I have never encountered a 32 special empty – despite it being the only centerfire rifle my Grandparents used here.  I suspect they carefully hoarded each piece of brass – but on the other hand, the empty case is small, and every acre has 43,560 square feet for the years to conceal all evidence.

I still encounter haywire artifacts in the woods.  I started moving bales in 1960, and worked with twine-tied square bales.  The first incarnation wire-tie bailer was developed in 1879, so it’s hard to pin a date on that.  Occasionally tangling a foot in haywire along an old logging trail suggests that bales were brought in for a lunch for horses that were skidding logs out.  I haven’t ran across much haywire in the fields – but my explanation could be out to lunch.  Still, I think the baling wire came after the cartridge cases.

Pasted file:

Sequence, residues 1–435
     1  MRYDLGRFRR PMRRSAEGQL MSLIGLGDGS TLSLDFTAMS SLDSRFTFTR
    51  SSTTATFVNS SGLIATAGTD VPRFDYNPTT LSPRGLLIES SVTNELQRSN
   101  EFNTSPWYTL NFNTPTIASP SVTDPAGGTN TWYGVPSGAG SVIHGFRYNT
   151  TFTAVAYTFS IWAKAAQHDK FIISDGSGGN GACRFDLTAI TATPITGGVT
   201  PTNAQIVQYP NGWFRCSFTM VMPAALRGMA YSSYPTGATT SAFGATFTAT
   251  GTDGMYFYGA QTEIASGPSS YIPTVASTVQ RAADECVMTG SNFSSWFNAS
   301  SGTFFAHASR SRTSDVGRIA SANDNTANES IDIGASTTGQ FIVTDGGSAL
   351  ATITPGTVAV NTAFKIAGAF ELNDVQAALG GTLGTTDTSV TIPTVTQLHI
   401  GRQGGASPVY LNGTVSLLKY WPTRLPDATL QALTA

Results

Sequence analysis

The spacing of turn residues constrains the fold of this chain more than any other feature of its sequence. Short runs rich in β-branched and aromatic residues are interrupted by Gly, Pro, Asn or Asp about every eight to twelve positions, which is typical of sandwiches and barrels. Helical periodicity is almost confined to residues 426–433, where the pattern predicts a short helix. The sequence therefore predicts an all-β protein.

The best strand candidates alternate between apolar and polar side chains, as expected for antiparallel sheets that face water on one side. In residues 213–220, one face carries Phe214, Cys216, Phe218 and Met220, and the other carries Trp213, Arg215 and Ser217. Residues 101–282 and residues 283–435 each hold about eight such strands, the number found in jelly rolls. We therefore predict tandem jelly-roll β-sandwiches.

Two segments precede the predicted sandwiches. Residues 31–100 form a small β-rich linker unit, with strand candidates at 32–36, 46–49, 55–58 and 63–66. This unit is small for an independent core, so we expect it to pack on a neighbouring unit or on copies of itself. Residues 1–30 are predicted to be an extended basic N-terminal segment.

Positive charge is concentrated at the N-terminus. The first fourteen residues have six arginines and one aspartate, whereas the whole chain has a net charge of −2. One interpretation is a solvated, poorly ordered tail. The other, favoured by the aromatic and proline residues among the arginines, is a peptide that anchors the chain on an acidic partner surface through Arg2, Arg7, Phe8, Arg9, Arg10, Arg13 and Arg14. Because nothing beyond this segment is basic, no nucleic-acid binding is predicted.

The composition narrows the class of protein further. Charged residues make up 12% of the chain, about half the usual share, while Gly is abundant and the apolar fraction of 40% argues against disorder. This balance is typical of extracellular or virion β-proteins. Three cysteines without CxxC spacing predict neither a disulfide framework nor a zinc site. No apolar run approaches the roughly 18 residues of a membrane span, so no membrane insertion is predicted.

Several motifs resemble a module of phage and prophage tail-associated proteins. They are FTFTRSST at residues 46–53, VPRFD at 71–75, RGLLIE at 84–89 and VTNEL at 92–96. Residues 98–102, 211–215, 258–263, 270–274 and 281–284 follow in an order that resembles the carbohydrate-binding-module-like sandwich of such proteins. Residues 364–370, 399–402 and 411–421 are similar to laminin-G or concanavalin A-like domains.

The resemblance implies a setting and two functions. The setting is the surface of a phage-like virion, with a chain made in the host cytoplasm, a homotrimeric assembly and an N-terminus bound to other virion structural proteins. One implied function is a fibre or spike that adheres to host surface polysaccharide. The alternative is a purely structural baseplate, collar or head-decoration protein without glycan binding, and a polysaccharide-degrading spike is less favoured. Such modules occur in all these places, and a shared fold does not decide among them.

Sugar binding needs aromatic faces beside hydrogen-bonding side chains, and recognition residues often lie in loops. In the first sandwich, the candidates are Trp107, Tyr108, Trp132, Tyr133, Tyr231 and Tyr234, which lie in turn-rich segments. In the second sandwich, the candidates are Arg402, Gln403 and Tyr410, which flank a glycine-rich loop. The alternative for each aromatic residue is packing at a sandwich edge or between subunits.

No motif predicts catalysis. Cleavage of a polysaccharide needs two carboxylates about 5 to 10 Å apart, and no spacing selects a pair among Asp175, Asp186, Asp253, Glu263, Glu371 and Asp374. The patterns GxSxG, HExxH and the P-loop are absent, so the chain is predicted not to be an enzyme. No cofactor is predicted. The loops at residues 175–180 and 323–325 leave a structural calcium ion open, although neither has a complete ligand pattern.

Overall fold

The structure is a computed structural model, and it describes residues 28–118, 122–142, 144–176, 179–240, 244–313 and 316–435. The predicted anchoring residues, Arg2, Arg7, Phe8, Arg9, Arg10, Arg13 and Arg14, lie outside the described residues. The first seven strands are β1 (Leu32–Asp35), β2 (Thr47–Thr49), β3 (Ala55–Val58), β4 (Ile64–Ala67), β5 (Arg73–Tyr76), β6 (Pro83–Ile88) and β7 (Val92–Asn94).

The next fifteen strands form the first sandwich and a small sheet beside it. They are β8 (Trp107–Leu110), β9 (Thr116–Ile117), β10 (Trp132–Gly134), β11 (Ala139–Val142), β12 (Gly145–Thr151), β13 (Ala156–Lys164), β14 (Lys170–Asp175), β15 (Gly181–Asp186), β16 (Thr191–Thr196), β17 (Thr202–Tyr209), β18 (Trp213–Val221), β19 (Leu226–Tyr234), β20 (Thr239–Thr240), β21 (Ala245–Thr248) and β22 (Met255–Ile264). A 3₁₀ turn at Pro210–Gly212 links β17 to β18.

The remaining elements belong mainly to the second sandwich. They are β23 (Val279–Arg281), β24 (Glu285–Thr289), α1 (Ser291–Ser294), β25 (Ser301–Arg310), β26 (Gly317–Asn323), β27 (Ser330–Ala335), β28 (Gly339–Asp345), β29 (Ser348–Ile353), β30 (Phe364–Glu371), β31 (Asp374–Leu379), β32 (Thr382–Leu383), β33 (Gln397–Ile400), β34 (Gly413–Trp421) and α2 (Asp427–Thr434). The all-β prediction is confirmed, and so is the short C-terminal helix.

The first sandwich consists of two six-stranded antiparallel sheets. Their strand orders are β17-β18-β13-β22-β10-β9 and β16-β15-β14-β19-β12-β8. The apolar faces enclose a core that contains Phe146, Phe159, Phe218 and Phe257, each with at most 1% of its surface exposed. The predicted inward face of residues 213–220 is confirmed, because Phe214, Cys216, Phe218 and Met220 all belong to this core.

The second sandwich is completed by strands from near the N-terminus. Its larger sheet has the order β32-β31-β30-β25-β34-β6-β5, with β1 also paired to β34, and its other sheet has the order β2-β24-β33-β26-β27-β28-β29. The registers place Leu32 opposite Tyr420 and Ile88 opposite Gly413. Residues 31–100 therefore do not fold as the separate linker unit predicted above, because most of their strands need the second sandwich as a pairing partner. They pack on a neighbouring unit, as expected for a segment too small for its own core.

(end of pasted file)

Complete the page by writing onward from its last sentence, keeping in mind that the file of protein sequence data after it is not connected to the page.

The orange artifacts are Dad’s – it’s amazing how long orange baler twine can last when it becomes one with the ground.  It’s equally amazing how long I have had to lie on the ground with a Kabar cutting it out of the rototiller.  I had to sharpen the knife 6 times before I got the last of the bailer twine cut out of the tines.

Community

The Modoc War

One of the more interesting tales from the Indian Wars is the Modoc War, in Oregon and Northern California, 1872-73.  A Native friend was of Modoc descent, so the history interested me.  It’s difficult to find much justification for the US, and the Modocs had fewer than 60 warriors amid 3 bands.  $20,000 would have funded the small reservation they asked for, and the war wound up costing about $500,000.